Hey there, giallo fans! Planning a trip to Japan anytime soon? If so, you’re gonna want to put the Cambiare Italian Bar & Grill at the top of your to-do list; this recently opened establishment (brought to our attention by the fine folks at Bloody Disgusting) is a tribute to Suspiria, Dario Argento’s 1977 horror classic. But it’s just one of the many cinema-inspired bars around the globe; a boozy world tour is waiting after the jump. … Read More
The month of January (as we’ve mentioned before) does not tend to give us the most high-quality new movie releases, and this year doesn’t look any more promising than usual. This week, for example, will bring to your local multiplex A Haunted House, a parody of — wait for it — haunted house movies (Paranormal Activity, Insidious, etc.) from co-writer/star Marlon Wayans, one of the originators of the Scary Movie franchise (which will itself take on Paranormal and whatever the hell else was moderately popular recently in this fall’s Scary Movie 5). Between that series, the unwatchable works of the Wayans family, and the Friedberg/Seltzer oeuvre, these are grim days indeed for the “spoof film,” the formerly distinguished comedy subgenre targeting cinematic styles and trends with goofy humor, slapstick spirit, and a willingness to do just about anything for a laugh. In light of what they have become, it’s easy to forget how many great spoof movies there were; as a reminder, we picked our ten favorites (and ranked them even!), so check them out and let us know if you agree after the jump. … Read More
Welcome to Flavorwire’s streaming movie guide, in which we help you sift through the scores of movies streaming on Netflix, Hulu, and other services to find the best of the recently available, freshly relevant, or soon to expire. But since we’re a mere seven days to Halloween, this edition of the streaming movie guide will focus on the scary — some of our favorite horror movies that are at your fingertips this very moment. Check them all out after the jump, and follow the title links to watch them right now. … Read More
This Friday marks the theatrical release of V/H/S, a chilling and genuinely effective found-footage anthology from directors Adam Wingard, David Bruckner, Ti West, Glenn McQuaid, Joe Swanberg, and Radio Silence. (It’s available on demand now.) As scary and unnerving as it is, however, it does fall prey to the seemingly inevitable pitfall of a multi-director anthology film: there are a couple of sections that simply aren’t as good as the rest of the film. When you think about it, it’s bound to happen; even if the filmmakers assembled are all talented, there’s a pretty good chance at least one participant will have difficulty conforming to the short form, or will have trouble measuring up to the others, or just might be off their game. As a result, very few completely great anthology movies have been made — most at least have a couple of segments that don’t fit.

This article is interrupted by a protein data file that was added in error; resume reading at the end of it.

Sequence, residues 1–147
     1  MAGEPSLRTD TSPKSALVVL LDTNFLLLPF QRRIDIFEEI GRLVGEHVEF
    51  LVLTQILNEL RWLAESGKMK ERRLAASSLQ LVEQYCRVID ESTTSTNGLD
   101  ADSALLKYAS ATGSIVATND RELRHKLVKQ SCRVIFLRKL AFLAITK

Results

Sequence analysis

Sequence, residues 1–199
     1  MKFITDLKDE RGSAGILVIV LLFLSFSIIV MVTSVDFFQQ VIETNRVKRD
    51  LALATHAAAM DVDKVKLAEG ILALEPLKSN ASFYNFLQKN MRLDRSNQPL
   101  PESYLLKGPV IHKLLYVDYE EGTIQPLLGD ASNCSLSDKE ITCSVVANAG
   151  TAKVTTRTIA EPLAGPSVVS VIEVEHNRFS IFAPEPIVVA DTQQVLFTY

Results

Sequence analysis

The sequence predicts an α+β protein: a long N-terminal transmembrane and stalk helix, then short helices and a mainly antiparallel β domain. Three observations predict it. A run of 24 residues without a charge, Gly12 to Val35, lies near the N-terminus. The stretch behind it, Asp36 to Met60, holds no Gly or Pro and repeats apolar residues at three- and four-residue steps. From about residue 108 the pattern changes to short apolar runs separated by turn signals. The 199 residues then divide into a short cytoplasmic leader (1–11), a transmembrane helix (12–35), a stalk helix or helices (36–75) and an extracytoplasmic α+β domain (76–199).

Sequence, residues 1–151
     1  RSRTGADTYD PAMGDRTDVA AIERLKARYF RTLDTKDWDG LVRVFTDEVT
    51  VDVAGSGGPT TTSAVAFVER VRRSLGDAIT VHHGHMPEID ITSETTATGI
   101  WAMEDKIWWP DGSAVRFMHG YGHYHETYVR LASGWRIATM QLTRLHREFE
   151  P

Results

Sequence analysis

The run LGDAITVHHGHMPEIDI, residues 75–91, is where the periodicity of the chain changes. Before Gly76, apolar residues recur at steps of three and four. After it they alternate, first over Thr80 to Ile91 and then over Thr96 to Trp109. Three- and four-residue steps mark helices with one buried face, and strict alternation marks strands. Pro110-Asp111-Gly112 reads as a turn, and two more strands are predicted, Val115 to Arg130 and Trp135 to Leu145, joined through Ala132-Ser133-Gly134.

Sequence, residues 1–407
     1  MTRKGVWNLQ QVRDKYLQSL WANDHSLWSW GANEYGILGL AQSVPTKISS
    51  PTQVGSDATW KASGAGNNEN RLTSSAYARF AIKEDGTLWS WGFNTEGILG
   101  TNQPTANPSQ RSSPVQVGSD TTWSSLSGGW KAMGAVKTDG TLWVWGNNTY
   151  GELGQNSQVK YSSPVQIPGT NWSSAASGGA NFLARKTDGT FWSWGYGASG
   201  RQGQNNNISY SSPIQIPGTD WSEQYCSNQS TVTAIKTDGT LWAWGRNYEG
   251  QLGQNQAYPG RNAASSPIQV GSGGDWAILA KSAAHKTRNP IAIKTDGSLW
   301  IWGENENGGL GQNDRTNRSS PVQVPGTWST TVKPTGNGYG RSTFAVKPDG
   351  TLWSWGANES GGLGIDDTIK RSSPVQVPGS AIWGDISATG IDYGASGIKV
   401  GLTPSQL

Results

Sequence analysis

But that’s the joy of DVD: in your living room, you can do the editing job that their fellow filmmakers were too polite to perform. After the jump, we’ll take a look at a few of the best-known multi-director anthology movies, and offer up some viewing suggestions for them. … Read More
We’ve made occasional mention of our love for the Fake Criterons tumblr, in which the striking graphics, clever designs, and isolated imagery of that preeminent cinephile line is applied to films that are, for the most part, entirely undeserving of inclusion among that “continuing series of important classic and contemporary films.” But that site has gone above and beyond this month, with their “Faked from the Dead” series, comprised entirely of fake Criterions for 1980s-era horror movies (From their challenge: “Summer camps, creepy basements, old caretakers, guys with improbable masks, dime store psychologists, abandoned insane asylums, broken down cars in the middle of nowhere- all of it”). Their many contributors risen to the occasion, and have created dozens of sharp, funny, and downright ridiculous covers. After the jump, we’ve selected a few of our faves. … Read More
By now audiences should know what to expect from a movie starring Simon Pegg. From Shaun of the Dead to Run, Fatboy, Run, he has defined a goofy, slightly crude brand of British humor that American audiences can enjoy. His latest, Burke & Hare — which is a remake of a 1972 film of the same name — follows two 19th-century hustlers (Pegg and Andy Serkis) who begin robbing graves to sell cadavers to a Scottish medical school. From the trailer the humor seems a bit sophomoric — Vulture comments that Pegg and Serkis make “a few too many poop jokes.” However with Isla Fisher as the playful “acrobat” and Tim Curry as Dr. Monroe, Burke & Hare could provide some solid laughs. This is also the first time Landis (Animal House) has directed Pegg, which could make for some memorable moments. Check out the trailer after the jump and let us know what you think. … Read More
Known for his video and photography manipulations of monumental news imagery, including the 9/11 terrorist attack on the World Trade Center, prisoner abuse at Abu Ghraib, and the Tiananmen Square protests, Josh Azzarella is a whiz at altering and erasing history. The artist’s latest project, which was two years in the making, takes on something nearly as significant in pop culture, Michael Jackson’s “Thriller” video. Stripping it of its song and all signs of life — bar the ticket booth attendant at the cinema — Azzarella’s interpretation of the classic offers a landscape that ripe for new… Read More